1) Positive self-talk. When feeling insecure, I remind myself I am not a negative thought or feeling. I am more than my past, and I am learning while growing. 

2) No matter what is said, I stop personally taking people’s words or actions. 

3) I pause to observe and process my situation, feelings, and my body’s reaction (heart rate increases, breathing quickens) to remain calm and avoid reacting impulsively. 

4) Breathing: when I feel overwhelmed or anxious, I pause to take deep breaths and meditate. 

5) Listening with understanding and empathy when others express their thoughts or feelings. 

6) Taking the necessary time to assess different opinions or conflicts in a given situation. 

7) Things I’ve learned in self-help groups also work for me: Thought stopping, thought replacement, walking away, speaking calmly, and exercising.

I’ve matured in areas of the utmost importance when it comes to my conduct and behavior. By completing several self-help classes, I’ve acquired the necessary tools to modify my behavior and rebuild my life from the ground up. I took the time to dig deep within and was able to identify my many weaknesses, turning them into strengths; rather than being problem-focused, I’ve become solution-minded.

Today, I’ve learned to identify the root causes of my choices to be violent and to trace back the origin of my criminal thinking, which was that violence and committing crimes were the best ways to address whatever external problems I was facing. I have learned to recognize my feelings and thought patterns, and by doing that, I’ve learned to control the impulses that triggered my violent behavior.

I’ve been incarcerated now for almost ten years; the last five years have been disciplinary-free. I’m housed here at CSP Solano in the programming facility yard, where I can participate in various programs and receive certificates of completion. They teach me life skills and how to cope with life on life’s terms. I do my very best and let God do the rest. I was baptized here at the prison chapel, where I confessed my sins, asking God for forgiveness. I attend service regularly, where I help mentor the youth by using my own life story and my trials and tribulations to serve as a living testimony to those younger men who look up to me. It helps keep them out of trouble and brings them closer to God, our creator. I take a correspondence course called PREP Turning Point that teaches me anger management, parenting, conflict resolution, listening, critical thinking skills, and more.I completed a yoga class where I learned breathing techniques and how to remain calm while always in control. I was also taught how to meditate and relax my body and mind. By thinking clearly before reacting, I can make better decisions.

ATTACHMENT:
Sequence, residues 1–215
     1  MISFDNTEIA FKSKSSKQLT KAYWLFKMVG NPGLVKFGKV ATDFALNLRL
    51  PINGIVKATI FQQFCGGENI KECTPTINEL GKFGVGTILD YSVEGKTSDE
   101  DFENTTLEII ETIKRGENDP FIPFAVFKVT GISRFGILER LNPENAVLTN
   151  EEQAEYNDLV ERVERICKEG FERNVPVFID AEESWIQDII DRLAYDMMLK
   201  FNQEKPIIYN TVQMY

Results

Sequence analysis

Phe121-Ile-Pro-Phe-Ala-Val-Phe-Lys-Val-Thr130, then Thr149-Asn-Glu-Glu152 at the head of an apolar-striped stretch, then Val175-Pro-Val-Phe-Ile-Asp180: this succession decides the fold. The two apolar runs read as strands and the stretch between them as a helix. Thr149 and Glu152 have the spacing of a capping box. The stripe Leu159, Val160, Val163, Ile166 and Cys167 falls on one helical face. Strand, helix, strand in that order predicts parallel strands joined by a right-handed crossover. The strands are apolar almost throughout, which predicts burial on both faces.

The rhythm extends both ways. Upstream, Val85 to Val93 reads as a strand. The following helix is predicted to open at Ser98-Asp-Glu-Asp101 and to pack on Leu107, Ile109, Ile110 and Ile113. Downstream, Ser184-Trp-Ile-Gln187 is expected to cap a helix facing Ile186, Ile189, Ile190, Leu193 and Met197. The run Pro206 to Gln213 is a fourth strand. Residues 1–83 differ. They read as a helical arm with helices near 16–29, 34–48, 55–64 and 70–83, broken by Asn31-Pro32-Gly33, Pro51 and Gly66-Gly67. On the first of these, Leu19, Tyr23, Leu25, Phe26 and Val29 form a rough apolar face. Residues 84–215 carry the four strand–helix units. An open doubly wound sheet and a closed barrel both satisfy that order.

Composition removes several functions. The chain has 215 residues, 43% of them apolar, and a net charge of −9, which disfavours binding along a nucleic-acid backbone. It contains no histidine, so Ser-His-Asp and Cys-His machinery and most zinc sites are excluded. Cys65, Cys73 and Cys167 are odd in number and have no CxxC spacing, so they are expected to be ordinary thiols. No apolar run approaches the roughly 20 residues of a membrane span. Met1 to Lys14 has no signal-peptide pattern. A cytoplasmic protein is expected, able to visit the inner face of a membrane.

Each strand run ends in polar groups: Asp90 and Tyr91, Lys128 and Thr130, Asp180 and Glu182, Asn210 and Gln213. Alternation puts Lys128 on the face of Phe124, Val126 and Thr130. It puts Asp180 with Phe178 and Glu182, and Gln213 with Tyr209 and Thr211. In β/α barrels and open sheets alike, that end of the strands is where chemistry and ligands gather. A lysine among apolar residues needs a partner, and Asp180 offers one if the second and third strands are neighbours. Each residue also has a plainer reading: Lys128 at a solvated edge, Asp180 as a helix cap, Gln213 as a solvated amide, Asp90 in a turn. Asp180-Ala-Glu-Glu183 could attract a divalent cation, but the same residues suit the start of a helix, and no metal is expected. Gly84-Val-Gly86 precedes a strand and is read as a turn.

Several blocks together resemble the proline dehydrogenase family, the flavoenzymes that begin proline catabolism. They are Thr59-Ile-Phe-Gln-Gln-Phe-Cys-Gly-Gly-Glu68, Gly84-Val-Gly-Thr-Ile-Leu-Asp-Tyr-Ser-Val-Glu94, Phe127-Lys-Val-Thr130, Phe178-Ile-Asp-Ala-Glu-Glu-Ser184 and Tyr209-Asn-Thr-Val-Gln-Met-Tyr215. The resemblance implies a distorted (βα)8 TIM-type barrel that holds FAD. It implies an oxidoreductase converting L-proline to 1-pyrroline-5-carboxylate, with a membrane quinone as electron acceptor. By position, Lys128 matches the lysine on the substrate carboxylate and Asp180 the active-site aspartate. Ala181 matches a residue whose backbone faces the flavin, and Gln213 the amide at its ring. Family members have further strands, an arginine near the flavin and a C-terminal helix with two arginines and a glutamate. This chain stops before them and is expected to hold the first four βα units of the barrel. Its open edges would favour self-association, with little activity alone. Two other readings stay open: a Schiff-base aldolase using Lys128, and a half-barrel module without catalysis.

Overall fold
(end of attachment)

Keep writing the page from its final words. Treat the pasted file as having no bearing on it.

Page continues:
I’ve been a married man for the last four years, and I get to attend overnight family visits with my wife and children, bond and socialize with them, maintain my family ties, and spend quality time with those I love most. I have a lovely home to return to and plenty of love and family support. It’s very important to have housing, reliable transportation, and financial support upon release. I have that. I also have a post-release plan of action that will help solidify my successful reentry into the community. I recently graduated from the DJ program at CSP Solano called Uncuffed and I created an hour-long radio set from start to finish. My completed set aired on KALW 91.7 FM in September 2023. The Radio station provided a platform for us to be heard beyond these prison walls, and I used it to become a voice for the voiceless. This was a huge accomplishment for me and has given me the confidence to pursue a career in audio engineering. When my family and friends heard my creation on the Radio, they were so proud of me. I’m currently enrolled in the Solano Community College program, where I’m pursuing an associate’s degree in sociology and maintaining a 4.0 GPA. Now that I’ve acquired the necessary skills, knowledge, and tools to be a positive, productive, and proactive member of our society, all that’s left is for me to be afforded the opportunity to do so!

Verne, 70

Verne, 70

Meet Verne…

I have stabbed five or six people and immediately after each one, I felt no guilt or remorse, almost as if I were a psychopath or a person not conscious of wrong or right.

Verne, 70
Incarcerated: 28 years
Housed: California Health Care Facility, Stockton, California

I have stabbed five or six people and immediately after each one, I felt no guilt or remorse, almost as if I were a psychopath or a person not conscious of wrong or right. I did many things I am not proud of, but back then I gave very little thought. This is how I existed for thirty or forty years in and out of prison.  This was my life when I vaguely understood the way thought was processed. I came to prison in 1994, and for 26 years I maintained that same unaware demeanor. Then, in 2019, someone sent my name and number to the Syda Foundation, and in four years, they have vastly expanded my perspective and guided my understanding of my own mind.